Furthermore, while variable uplift rates are also relevant for this area, this is not corrected for in this example. The example therefore focuses on the small area for which the curve was developed, where it can be assumed to be directly applicable. Functionality to adjust for variable displacement rates with shoredate is only accommodated for the Skagerrak area through the function interpolate_curve(). Thus, if similar adjustments are to made in other areas, this will at present therefore have to be done independently of shoredate, to which the adjusted curves can then be passed.

2.2 Creating maps of Ørland

Having loaded the displacement curve, this can then be directly used to shoreline date sites in locations where it applies, provided the elevation of the sites above present sea-level is known. First we will create a couple of fictitious site examples, each represented by a point, and maps of their location to demonstrate the extendibility of the target_plot() function.

# Create example sites
target_points <-  st_sfc(st_point(c(532719, 7065723)),
                         st_point(c(532896, 7066260)))

# Set CRS
target_points <- st_as_sf(target_points, crs = 32632)

# Add site names
target_points$name <- c("Example 1", "Example 2")

To create a map of where Ørland and these target points are located, one can adapt the target_plot() function. First, set up the geometries to be plotted:

# Load in the limit of the spatial coverage in south-eastern Norway,
# which is provided with the package
senorway <- st_read(system.file("extdata/spatial_limit.gpkg",
                                    package = "shoredate"), quiet = TRUE)

# Assign a name to this for the map legend
senorway$name <- "Skagerrak limit"

# Retrieve the first of the example points, to represent Ørland
orland <- target_points[1,]
orland$location = "Ørland"

Once this has been done we can use target_plot() to set up a plot. Setting naturalearth_basemap to TRUE downloads a world map from using the rnaturalearth package. This is stored in a temporary folder and is deleted when the current R session is ended. The argument naturalearth_zoom specifies the amount of cropping that is done on this world map, with the provided targets as the focal point. The argument crs_epsg is here the same as the default, but is explicitly called to highlight that different coordinate reference systems can be used. Setting the argument isobases to NA means that the default isobases pertaining to south-eastern Norway are excluded from the plot. Finally, setting target_labels to FALSE excludes the labelling of the target points in the plot, which will instead be handled with a legend in the code to follow below.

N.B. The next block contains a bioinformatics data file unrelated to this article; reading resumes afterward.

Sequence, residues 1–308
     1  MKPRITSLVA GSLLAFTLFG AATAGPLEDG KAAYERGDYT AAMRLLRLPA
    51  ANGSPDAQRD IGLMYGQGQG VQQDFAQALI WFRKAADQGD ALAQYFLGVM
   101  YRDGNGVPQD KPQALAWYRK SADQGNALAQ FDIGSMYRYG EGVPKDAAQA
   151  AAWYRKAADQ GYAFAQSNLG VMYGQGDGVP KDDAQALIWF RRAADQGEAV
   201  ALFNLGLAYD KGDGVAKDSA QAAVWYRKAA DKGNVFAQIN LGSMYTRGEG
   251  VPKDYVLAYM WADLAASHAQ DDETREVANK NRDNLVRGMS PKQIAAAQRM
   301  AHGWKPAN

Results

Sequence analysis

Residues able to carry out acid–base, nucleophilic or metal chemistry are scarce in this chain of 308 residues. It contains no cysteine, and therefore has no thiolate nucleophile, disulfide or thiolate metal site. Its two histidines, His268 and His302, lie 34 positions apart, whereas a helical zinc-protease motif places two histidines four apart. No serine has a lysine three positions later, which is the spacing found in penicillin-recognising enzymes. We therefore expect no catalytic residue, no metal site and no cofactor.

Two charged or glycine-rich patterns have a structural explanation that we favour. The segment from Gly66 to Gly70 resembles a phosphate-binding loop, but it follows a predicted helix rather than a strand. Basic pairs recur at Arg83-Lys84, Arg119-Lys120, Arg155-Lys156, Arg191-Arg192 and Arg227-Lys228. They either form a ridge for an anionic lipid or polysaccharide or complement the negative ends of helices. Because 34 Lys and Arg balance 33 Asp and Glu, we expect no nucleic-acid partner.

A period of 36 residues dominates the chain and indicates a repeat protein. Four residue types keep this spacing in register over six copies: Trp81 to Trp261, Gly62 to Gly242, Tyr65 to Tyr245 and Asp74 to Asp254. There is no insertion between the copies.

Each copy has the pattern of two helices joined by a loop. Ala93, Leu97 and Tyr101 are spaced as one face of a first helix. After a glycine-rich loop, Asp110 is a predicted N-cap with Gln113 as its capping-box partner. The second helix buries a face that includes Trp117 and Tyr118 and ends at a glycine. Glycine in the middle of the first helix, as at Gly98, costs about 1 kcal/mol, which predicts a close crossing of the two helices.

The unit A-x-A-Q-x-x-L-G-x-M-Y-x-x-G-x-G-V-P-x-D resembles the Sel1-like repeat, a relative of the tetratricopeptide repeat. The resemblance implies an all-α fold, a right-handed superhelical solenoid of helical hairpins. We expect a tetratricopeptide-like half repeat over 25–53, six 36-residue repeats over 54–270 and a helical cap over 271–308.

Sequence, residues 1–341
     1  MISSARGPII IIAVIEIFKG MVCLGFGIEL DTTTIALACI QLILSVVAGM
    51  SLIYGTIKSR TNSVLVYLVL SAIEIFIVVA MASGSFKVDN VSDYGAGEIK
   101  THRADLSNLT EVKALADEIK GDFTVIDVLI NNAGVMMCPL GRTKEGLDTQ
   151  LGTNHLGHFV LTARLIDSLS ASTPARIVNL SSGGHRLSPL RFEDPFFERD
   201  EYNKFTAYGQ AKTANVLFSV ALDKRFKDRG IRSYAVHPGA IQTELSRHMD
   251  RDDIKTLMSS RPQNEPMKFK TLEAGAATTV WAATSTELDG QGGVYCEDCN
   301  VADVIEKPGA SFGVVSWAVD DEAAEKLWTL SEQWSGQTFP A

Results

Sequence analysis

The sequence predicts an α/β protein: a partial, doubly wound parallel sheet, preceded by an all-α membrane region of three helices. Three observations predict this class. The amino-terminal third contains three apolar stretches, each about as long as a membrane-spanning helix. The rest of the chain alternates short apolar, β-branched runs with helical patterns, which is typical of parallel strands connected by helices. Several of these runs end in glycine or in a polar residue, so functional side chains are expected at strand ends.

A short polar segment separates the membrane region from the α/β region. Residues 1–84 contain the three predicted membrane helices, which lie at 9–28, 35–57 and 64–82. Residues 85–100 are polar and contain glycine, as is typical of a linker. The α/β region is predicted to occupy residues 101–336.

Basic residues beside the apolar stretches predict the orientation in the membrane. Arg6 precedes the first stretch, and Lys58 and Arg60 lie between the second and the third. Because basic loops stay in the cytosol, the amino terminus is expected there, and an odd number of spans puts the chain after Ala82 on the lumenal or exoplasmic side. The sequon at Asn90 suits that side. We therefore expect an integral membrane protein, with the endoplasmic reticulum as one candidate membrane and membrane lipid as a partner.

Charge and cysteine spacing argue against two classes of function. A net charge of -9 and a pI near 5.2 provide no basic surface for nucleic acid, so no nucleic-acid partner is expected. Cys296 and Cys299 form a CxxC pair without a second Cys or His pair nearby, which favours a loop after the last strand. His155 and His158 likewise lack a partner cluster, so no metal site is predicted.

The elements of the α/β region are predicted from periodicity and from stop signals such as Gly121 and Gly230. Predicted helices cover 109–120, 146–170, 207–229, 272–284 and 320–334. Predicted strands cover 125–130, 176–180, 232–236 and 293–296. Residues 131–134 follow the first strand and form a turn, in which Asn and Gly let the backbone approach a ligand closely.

overview_map <- target_plot(targets = orland,
                      naturalearth_basemap = TRUE,
                      naturalearth_zoom = c(1000000, 1000000),
                      crs_epsg = 32632,
                      base_col = "black",
                      base_fill = "grey85",
                      isobases = NA,
                      target_labels =  FALSE)
## Error in target_plot(targets = orland, naturalearth_basemap = TRUE, naturalearth_zoom = c(1e+06, : unused arguments (naturalearth_basemap = TRUE, naturalearth_zoom = c(1e+06, 1e+06), crs_epsg = 32632, base_col = "black", base_fill = "grey85", target_labels = FALSE)

Having created a base plot, this can now be manipulated using other functions from the package ggplot2.

overview_map <- overview_map +
        geom_sf(data = senorway, aes(col = name), fill = NA,
                   lwd = 0.5, show.legend = "polygon") +
        # Replotting the point for Ørland to add it to the legend
        geom_sf(data = orland, aes(fill = location),
                   col = "black", shape = 21,
                   size = 3, show.legend = "point") +
        scale_fill_manual(values = c("Ørland" = "red")) +
        scale_colour_manual(values = c("Skagerrak limit" = "red"),
                               guide = guide_legend(
                                          override.aes = list(shape = NA))) +
        theme(legend.position = "bottom",
              legend.title = element_blank()) +
        ggtitle(paste("Location of Ørland relative to the",
                       "spatial limit in south-eastern Norway"))
## Error in eval(expr, envir, enclos): object 'overview_map' not found

When the map displaying the location of Ørland is created, we can create a second map that shows the location of the example points, zoomed in at Ørland, which is located at the tip of the Fosen peninsula. While the map is fairly simple, it can nonetheless be useful to perform this exercise to make sure everything looks as it should.

# Create basemap
examples_map <- target_plot(targets = target_points,
                      naturalearth_basemap = TRUE,
                      naturalearth_zoom = c(15000, 10000),
                      base_col = "black",
                      base_fill = "grey85",
                      isobases = NA)
## Error in target_plot(targets = target_points, naturalearth_basemap = TRUE, : unused arguments (naturalearth_basemap = TRUE, naturalearth_zoom = c(15000, 10000), base_col = "black", base_fill = "grey85")
# Add axis labels and ticks, which are not returned with target_plot()